To be able to process even seemingly simple questions requires organizing an internal view of the world, comprehending the meaning of words in context, and reasoning on knowledge. And that’s precisely why even the more elaborate deep learning models we have currently, namely language models, are not a good match for deep knowledge.
Language models contain statistical information, factual knowledge, and even some common sense knowledge. However, they were never designed to serve as a tool for knowledge organization. Singer believes there are some basic limitations in language models that make them good, but not great for the task.
Singer said that what makes for a great knowledge model is the capability to scale well across five areas of capabilities: scalability, fidelity, adaptability, richness, and explainability. He adds that sometimes there’s so much information learned in language models, that we can extract it and enhance dedicated knowledge models.
To translate the principles of having a great knowledge model to an actual architecture that can support the next wave of AI, Singer proposes an architecture for knowledge and information organized at three levels, which he calls Thrill-K.
The first level is for the most immediate knowledge, which Singer calls the Giga scale, and believes should sit in a neural network.
The next level of knowledge is the deep knowledge base, such as a knowledge graph. This is where intelligible, structured, explicit knowledge is stored at the Terascale, available on demand for the neural network.
And, finally, there’s the world information and the world knowledge level, where data is stored at the Zetta scale.
Knowledge, Singer argues, is the basis for making reasoned intelligent decisions. It can adapt to new circumstances and new tasks. That’s because the data and the knowledge are not structured for a particular task, but it’s there with all their richness and expressivity.
It will take concerted effort to get there, and Intel Labs on its part is looking into aspects of NLP, multi-modality, common sense reasoning, and neuromorphic computing.
Systems that learn and reason
If knowledge organization is something that both Dillinger and Singer value as a key component in an overarching framework for AI, for Frank van Harmelen it’s the centerfold in his entire career. Van Harmelen leads the Knowledge Representation & Reasoning Group in the Computer Science Department of the VU University Amsterdam.
He is also Principal investigator of the Hybrid Intelligence Centre, a $22.7 million, (€20 million), ten-year collaboration between researchers at six Dutch universities into AI that collaborates with people instead of replacing them.
Van Harmelen notes that after the breakthroughs of machine learning (deep learning or otherwise) in the past decade, the shortcomings of machine learning are also becoming increasingly clear: unexplainable results, data hunger, and limited generalisability are all becoming bottlenecks.
In his upcoming keynote in Connected Data World 2021, Van Harmelen will look at how the combination with symbolic AIin the form of very large knowledge graphs can give us a way forward: Towards machine learning systems that can explain their results, that need less data, and that generalize better outside their training set.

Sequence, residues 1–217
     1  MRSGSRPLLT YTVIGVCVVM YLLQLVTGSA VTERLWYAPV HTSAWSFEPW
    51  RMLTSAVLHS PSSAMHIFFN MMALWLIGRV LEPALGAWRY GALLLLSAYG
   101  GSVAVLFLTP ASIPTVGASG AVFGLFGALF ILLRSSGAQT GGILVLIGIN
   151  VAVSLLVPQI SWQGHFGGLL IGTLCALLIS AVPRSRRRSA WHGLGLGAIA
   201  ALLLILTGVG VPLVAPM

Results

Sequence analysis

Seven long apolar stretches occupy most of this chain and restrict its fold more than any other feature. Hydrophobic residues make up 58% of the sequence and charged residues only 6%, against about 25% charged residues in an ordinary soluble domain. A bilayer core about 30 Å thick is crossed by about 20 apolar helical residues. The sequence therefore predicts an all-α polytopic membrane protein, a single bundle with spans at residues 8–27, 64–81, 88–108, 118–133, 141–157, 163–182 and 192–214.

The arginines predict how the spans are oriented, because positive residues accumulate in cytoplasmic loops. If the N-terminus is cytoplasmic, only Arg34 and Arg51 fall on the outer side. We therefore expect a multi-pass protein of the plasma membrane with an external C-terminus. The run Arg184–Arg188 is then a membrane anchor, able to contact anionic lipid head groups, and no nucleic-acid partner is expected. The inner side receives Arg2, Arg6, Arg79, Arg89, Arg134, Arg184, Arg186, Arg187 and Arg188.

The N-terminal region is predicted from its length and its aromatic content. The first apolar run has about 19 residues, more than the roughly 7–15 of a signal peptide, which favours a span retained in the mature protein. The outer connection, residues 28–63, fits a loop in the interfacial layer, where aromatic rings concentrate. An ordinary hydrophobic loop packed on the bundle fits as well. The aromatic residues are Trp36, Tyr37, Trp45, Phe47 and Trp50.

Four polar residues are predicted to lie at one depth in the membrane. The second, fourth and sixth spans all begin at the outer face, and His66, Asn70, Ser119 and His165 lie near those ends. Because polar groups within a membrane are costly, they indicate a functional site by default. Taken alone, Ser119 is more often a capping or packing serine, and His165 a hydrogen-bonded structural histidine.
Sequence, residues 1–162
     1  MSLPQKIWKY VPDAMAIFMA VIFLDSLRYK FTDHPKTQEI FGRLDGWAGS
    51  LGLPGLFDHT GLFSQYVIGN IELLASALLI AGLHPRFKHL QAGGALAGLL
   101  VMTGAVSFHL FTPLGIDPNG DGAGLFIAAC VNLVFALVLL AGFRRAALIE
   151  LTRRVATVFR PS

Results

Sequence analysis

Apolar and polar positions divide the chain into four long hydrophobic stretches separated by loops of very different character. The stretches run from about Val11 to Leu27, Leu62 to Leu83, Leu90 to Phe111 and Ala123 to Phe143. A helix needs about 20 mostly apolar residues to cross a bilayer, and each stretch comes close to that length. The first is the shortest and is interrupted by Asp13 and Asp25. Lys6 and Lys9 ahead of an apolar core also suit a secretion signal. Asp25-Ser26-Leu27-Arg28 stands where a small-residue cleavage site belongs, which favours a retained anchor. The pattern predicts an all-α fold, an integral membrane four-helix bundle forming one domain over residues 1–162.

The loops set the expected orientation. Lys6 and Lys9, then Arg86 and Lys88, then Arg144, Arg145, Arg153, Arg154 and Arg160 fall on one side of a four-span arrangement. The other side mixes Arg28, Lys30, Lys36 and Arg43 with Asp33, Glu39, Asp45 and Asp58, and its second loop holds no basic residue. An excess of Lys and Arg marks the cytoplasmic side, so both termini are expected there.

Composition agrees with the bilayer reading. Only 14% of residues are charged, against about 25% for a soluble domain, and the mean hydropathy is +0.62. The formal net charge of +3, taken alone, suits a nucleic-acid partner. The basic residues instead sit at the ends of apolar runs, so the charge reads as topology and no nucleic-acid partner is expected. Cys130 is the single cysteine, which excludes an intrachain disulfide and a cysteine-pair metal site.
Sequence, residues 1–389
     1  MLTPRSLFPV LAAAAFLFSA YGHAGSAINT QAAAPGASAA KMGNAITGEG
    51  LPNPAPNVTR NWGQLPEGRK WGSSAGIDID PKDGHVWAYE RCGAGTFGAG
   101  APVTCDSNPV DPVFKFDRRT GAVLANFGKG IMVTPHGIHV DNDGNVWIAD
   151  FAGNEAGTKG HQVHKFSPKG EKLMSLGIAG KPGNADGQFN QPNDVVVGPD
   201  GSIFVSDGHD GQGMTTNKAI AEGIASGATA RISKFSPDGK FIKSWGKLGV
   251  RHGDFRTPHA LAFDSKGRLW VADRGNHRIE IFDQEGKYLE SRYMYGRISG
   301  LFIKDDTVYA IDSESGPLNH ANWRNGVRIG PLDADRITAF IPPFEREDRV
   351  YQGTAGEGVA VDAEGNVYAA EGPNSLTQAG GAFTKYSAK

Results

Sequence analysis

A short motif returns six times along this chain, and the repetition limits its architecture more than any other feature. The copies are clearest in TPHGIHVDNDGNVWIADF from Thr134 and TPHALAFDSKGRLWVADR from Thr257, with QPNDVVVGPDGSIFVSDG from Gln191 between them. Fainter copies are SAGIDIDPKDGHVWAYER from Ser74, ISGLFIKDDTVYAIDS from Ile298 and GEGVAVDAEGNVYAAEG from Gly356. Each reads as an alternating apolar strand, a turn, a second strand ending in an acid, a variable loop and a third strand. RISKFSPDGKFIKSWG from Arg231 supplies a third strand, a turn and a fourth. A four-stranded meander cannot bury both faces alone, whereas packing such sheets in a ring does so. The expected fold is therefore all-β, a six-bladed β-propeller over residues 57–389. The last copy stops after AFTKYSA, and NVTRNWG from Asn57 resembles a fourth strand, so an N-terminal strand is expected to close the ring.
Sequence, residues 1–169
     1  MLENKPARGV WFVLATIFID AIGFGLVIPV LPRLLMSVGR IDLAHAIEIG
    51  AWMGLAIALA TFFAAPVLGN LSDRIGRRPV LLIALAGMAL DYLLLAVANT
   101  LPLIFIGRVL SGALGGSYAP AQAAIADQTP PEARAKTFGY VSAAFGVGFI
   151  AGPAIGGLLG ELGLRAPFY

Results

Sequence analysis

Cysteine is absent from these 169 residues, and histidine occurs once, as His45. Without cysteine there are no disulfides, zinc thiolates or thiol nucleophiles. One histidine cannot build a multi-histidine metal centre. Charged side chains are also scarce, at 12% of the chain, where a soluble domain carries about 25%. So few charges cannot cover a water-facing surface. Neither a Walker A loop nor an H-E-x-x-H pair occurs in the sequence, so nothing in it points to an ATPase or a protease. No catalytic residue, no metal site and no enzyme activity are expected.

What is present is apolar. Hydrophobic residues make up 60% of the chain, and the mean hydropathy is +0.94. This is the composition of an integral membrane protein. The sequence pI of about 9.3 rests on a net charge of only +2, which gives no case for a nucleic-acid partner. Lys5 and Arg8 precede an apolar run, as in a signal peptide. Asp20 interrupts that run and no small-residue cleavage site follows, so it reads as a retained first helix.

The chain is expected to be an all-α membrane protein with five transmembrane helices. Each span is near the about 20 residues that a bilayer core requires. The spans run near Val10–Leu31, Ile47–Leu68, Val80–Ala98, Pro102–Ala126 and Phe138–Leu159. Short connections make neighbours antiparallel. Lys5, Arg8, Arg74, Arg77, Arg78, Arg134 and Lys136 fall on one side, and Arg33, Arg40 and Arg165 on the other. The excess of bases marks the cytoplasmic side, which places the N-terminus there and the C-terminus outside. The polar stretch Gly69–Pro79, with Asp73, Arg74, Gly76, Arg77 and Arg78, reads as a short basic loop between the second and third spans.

The emphasis in modern AI is less on replacing people with AI systems, and more on AI systems that collaborate with people and support them. For Van Harmelen, however, it’s clear that current AI systems lack background knowledge, contextual knowledge, and the capability to explain themselves, which makes them not very human-centered:
“They can’t support people and they can’t be competent partners. So what’s holding AI back? Why are we in this situation? For a long time, AI researchers have locked themselves into one of two towers. In the case of AI, we could call these the symbolic AI tower and the statistical AI tower”.
If you’re in the statistical AI camp, you build your neural networks and machine learning programs. If you’re in the symbolic AI camp, you build knowledge bases and knowledge graphs and you do inference over them. Either way, you don’t need to talk to people in the other camp, because they’re wrong anyway.
What’s actually wrong, argues Van Harmelen, is this division. Our brains work in both ways, so there’s no reason why approximating them with AI should rely exclusively on either approach. In fact, those approaches complement each other very well in terms of strengths and weaknesses.
Symbolic AI, most famously knowledge graphs, is expensive to build and maintain as it requires manual effort. Statistical AI, most famously deep learning, requires lots of data, plus oftentimes also lots of effort. They both suffer from the “performance cliff” issue (, i.e. their performance drops under certain circumstances, but the circumstances and the way differ).
Van Harmelen provides many examples of practical ways in which symbolic and statistical AI can complement each other. Machine learning can help build and maintain knowledge graphs, and knowledge graphs can provide context to improve machine learning:
“It is no longer true that symbolic knowledge is expensive and we cannot obtain it all. Very large knowledge graphs are witness to the fact that this symbolic knowledge is very well available, so it is no longer necessary to learn what we already know.